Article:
It’s tough to say just what caused this to happen. Was it a problem with concentrating on the hitter once runners moved into scoring position, or was the inconsistency in Santana’s secondary pitches being taken advantage of in these situations? Luckily for both the Angels and the 26-year-old, the questions became pointless in 2008, as he would overcome his statistical deficiencies and post the best season of his career.

Santana stopped using his inconsistent curve and change as often, instead relying on his blazing fastball and his slider to get him through each start. Not only did he reduce the damage with runners in scoring position (.244/.327/.363), but he was better on the road than at home, with an ERA that was less than half that of 2007. The homers were still an issue at home (1.3 per nine), but on the road he was keeping the ball in the park at 0.6 per nine. He also brought his strikeout rates up closer to one per inning at 8.8 per nine, and he did that while dropping his walk rate to 1.8 per nine.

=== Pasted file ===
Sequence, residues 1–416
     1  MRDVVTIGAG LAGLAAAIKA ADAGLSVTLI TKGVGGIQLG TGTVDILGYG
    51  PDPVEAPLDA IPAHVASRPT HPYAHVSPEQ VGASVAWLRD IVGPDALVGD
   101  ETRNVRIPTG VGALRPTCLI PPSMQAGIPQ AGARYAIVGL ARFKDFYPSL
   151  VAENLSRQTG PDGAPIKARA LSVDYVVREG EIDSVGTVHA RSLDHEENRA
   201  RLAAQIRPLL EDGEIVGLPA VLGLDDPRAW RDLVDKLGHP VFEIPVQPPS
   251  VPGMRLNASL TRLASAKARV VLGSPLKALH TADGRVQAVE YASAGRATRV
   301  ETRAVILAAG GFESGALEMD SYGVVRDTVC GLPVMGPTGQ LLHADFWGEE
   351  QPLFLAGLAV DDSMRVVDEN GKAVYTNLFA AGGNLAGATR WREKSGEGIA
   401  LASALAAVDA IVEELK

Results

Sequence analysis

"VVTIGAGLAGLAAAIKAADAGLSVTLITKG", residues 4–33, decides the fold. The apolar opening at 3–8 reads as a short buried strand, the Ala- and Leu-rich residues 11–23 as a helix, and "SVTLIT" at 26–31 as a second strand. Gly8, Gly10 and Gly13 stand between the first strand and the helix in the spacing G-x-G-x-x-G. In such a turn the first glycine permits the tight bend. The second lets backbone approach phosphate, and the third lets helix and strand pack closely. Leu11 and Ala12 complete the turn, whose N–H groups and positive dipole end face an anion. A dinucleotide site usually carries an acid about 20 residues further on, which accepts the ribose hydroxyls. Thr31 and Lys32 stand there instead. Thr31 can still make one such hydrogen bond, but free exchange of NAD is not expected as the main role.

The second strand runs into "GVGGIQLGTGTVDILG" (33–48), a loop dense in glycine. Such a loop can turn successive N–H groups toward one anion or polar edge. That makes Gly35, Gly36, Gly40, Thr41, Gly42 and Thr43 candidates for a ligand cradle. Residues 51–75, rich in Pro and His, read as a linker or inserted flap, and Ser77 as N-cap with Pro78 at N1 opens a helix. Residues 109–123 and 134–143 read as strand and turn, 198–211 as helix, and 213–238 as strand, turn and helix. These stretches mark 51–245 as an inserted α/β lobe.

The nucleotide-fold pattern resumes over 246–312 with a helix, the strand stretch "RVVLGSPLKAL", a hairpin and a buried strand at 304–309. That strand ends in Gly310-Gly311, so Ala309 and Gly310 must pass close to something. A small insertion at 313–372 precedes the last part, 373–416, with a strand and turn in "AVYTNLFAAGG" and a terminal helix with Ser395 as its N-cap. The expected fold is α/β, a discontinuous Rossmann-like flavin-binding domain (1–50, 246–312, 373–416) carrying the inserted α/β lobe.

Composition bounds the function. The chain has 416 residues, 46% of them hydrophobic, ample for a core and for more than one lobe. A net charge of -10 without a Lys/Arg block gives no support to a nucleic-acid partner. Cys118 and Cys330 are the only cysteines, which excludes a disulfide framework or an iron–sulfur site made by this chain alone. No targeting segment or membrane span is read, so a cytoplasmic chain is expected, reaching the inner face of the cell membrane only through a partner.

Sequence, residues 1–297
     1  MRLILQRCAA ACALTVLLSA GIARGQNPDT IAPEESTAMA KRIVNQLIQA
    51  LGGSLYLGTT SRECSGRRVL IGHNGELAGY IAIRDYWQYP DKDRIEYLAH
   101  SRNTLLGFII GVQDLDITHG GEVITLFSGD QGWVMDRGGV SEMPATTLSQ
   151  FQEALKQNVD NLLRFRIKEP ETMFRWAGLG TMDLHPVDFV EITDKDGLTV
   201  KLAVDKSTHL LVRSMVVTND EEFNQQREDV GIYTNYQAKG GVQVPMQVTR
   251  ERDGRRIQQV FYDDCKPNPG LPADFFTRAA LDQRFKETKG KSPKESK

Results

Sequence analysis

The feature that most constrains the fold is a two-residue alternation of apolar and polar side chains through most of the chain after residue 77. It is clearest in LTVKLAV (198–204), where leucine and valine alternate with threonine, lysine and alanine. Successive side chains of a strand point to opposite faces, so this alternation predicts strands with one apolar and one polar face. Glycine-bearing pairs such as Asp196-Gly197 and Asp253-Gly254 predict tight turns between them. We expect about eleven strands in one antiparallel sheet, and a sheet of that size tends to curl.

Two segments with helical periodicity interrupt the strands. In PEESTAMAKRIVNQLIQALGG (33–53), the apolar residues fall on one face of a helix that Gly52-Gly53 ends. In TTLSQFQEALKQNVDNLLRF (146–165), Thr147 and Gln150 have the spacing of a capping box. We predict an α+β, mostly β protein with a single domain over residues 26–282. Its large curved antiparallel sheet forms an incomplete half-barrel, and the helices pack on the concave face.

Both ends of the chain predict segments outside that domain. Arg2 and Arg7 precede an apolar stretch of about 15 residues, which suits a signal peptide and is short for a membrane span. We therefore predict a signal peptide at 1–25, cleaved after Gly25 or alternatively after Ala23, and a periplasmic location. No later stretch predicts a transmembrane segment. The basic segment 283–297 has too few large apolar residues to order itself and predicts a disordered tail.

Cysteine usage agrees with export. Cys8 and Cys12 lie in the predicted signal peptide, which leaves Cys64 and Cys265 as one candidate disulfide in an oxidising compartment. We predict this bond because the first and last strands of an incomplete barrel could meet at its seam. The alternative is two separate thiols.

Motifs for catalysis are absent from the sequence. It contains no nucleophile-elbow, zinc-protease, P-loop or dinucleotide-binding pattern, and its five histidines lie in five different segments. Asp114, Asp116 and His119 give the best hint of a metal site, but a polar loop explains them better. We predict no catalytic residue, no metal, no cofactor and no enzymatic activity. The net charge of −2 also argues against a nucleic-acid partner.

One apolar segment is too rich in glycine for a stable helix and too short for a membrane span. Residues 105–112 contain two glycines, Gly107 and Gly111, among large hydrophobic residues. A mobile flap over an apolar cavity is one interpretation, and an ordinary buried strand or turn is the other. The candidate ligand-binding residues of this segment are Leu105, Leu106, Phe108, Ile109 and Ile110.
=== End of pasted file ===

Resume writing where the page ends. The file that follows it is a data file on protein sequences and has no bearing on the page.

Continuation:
The key to Santana’s future is keeping hitters off balance with the two pitches he utilizes the most, and changing speeds in order to mix things up. He has great stuff, but two pitches may not be enough to overcome the adjustments that hitters can make over time. He has always had the ability, but as someone who never dominated the higher levels of the minors the same way he torched the lower levels, perhaps Santana just needed more time to sort things out in order to succeed in the way that the scouts who signed him believed he could.-Marc Normandin

Performance Evaluation

Following a mediocre rookie season in which he posted a 4.65 ERA and 4.43 FIP, Ervin Santana gave hints of just how valuable he could be with a stellar 2006 campaign. In 33 starts, he logged 204 innings while surrendering only 181 hits. His strikeout and walk rates were less than spectacular, but he managed a 2.0 K/BB nonetheless. Thanks to the slightly above-average rates, and a 7.7 percent HR/FB rate much lower than the 11 percent league average, Ervin’s 4.28 ERA virtually matched his 4.20 FIP. His BABIP fell to .269, which more than made up for a poor 67 percent rate of stranding baserunners.